The mood is sombre on the Blue half of Merseyside following Everton’s 5-0 humbling by Chelsea at Stamford Bridge over the weekend. For Ronald Koeman’s resurgent Toffees, it was a brutal exposure of their underlying faults, and already it has sparked talk over what the Dutchman can do to bolster his squad come January.
The Mirror already looks to have identified one potential addition, the reckoning there is that Everton are one of several clubs tracking Dynamo Kiev’s £12million-rated striker Lukasz Teodorczyk.
The 25-year-old is a capped Polish international, currently away from the Ukrainian capital on loan at Belgian club Anderlecht, where he has hit the ground running with 14 goals in this season’s Belgian Pro League.
The report suggests Everton are keeping a beady eye on the forward’s progress, along with a host of other Premier League clubs, thought to include the likes of Stoke, Sunderland, West Brom and West Ham.
Anderlecht do have a first option on the forward though with the opportunity to make the loan spell a permanent one. There are other clubs from around Europe’s top divisions who have the Pole in their sights however including Borussia Dortmund, AC Milan, Bayer Leverkusen and rather surprisingly, Aston Villa. So Everton wouldn’t be short of competition if they were to try to win the race for the Kiev man.
Elsewhere, the post-mortem has already gotten into full swing regarding Everton’s shortcomings at Stamford Bridge in their five-goal defeat in West London, and not even the manager himself has evaded criticism after a scathing report was released by outlet Football365, who honed in on the Dutchman’s tactics. It suggests that the logic behind Koeman’s set-up was of course valid, but that he should have recognised that he does not have the personnel necessary to implement such a system.
The report reads:
“You can see the logic in replicating Chelsea’s formation in an attempt to stop them playing, but players are far more important than systems. The defensive effectiveness of Chelsea’s 3-4-3 relies on proficient full-backs, central midfielders with high stamina and central defenders comfortable with roaming out of defence to pick up an opposition No. 10”.
“For Koeman to consider his side capable of doing the same was optimism bordering on naivety. Ashley Williams and Phil Jagielka are both used to playing as central defenders in a back four and stayed centrally, leaving Eden Hazard with plenty of room for manoeuvre. Ramiro Funes Mori, clearly tasked with the job of moving out of defence to close down the ball, could not be a worse fit for the role. Daniel Passarella this week backed Funes Mori to be the next Argentina captain as he was a natural leader. El Gran Capitán cannot have watched his man play at club level recently”.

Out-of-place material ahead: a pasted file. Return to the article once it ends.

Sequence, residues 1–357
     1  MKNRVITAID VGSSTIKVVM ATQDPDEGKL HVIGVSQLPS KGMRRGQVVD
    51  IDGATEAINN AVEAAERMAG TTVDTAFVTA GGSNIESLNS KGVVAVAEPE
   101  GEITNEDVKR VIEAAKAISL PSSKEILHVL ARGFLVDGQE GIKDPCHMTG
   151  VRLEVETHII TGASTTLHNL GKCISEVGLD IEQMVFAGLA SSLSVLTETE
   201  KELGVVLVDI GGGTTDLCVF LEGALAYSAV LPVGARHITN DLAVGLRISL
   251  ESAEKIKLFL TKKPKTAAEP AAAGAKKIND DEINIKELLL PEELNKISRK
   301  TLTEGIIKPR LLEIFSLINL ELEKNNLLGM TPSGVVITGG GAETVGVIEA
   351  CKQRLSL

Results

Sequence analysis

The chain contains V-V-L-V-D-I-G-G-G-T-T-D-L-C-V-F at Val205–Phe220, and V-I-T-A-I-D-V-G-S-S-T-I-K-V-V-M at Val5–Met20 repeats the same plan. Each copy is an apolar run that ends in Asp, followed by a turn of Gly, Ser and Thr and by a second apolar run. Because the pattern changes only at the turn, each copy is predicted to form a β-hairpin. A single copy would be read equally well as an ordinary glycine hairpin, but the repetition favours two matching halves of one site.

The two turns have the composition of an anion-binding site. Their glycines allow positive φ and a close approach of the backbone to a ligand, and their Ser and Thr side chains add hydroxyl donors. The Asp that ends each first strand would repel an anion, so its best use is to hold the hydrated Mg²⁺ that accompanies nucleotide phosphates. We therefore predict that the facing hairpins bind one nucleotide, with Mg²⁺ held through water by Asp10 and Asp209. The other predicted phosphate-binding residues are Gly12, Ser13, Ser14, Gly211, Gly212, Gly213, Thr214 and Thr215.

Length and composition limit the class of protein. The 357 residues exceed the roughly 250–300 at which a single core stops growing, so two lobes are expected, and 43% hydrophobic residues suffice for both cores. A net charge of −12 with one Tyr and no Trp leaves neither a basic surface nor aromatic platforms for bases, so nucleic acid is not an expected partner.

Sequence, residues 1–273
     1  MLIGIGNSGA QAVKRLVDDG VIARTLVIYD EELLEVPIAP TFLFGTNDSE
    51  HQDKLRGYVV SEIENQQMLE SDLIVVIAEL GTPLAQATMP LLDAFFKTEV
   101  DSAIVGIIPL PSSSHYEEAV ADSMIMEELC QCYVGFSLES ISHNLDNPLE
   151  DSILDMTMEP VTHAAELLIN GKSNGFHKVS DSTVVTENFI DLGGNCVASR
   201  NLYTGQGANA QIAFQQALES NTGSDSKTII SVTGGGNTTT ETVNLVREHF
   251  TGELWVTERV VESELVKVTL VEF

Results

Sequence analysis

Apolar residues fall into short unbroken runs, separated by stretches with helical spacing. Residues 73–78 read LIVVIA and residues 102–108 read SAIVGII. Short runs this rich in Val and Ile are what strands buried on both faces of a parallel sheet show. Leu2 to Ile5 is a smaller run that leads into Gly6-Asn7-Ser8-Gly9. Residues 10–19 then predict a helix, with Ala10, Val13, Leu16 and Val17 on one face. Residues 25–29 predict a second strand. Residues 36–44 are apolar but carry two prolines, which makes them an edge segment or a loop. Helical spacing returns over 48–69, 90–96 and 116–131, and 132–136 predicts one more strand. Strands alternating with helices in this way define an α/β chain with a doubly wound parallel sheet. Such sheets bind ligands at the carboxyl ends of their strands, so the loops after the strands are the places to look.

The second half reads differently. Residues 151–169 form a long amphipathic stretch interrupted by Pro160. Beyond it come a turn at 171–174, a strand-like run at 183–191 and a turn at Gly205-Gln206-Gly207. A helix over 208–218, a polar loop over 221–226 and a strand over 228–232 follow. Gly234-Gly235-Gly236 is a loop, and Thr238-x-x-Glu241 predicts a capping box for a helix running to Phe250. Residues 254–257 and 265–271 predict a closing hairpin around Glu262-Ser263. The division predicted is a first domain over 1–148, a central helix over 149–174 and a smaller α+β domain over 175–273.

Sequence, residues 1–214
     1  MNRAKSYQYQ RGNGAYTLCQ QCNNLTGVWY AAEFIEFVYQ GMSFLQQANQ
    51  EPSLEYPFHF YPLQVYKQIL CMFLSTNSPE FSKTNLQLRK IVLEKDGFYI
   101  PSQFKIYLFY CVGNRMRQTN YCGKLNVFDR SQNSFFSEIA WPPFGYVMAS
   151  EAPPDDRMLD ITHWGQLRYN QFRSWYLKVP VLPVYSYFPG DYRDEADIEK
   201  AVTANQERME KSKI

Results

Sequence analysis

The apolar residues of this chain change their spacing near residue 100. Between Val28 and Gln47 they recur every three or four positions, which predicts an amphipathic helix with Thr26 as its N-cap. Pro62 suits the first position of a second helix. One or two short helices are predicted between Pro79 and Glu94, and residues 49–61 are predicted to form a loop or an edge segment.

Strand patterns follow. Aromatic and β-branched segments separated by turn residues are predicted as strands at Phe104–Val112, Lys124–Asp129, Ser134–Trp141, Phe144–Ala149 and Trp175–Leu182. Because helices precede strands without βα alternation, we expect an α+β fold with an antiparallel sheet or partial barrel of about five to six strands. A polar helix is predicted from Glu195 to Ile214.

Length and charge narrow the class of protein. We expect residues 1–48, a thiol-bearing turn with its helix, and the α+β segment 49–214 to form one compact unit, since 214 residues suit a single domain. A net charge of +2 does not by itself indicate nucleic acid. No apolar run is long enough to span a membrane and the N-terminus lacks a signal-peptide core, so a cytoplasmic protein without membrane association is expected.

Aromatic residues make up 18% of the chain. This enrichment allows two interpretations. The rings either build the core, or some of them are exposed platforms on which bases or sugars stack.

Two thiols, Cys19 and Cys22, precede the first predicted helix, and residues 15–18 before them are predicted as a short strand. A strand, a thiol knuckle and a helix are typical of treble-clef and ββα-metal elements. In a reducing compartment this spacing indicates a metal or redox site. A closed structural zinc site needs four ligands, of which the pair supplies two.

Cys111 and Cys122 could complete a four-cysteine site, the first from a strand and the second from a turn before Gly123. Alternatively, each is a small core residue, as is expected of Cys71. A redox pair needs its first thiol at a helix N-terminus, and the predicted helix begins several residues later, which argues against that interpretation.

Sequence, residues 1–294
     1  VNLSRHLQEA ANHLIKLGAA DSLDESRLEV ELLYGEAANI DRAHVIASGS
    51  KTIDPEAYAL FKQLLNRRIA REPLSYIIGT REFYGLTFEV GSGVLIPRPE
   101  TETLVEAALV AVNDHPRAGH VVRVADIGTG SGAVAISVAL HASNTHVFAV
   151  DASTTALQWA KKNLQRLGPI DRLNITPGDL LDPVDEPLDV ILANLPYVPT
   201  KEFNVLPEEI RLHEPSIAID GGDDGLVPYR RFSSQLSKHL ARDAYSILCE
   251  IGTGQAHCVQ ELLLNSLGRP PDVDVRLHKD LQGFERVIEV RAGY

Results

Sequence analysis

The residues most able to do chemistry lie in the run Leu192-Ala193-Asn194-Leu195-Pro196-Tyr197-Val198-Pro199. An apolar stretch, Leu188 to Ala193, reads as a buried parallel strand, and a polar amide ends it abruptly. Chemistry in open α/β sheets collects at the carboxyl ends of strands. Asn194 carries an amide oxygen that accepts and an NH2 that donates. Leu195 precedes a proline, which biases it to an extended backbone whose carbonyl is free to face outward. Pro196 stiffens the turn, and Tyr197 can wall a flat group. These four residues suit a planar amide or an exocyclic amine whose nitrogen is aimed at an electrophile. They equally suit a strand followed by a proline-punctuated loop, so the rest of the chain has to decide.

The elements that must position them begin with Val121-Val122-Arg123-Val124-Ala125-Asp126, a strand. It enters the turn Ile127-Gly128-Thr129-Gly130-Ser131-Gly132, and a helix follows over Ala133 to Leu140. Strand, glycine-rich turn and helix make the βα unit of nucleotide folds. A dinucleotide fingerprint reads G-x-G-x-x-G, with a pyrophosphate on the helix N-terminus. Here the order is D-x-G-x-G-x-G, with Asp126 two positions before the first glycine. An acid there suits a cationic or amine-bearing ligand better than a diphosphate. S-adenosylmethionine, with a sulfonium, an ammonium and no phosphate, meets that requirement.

It wasn’t just the inclusion of a defensive back three that they ran the rule over either, with the midfield set-up also coming under close scrutiny, albeit in the enforced absence of Idrissa Gueye, who has been a revelation at Goodison Park since his move from Aston Villa and was missing through suspension:
“In midfield too, Everton were overrun by their shape. It allowed Ross Barkley to stay forward as he did so successfully against West Ham, but asked Gareth Barry to do an awful lot of work in centre midfield for a man aged 35. It was akin to asking an old lady to hold up the bed while you retrieved something that had rolled underneath”.
“Koeman must take his share of the blame for heavy defeat. Why pick a formation when you don’t have the personnel to make it effective?”
The inquest was also followed up by Liverpool Echo journalist Phil Kirkbride, who rather than focus on Koeman’s starting tactics, singled-out the players themselves for their inability to play the football Koeman desires. Kirkbride writes: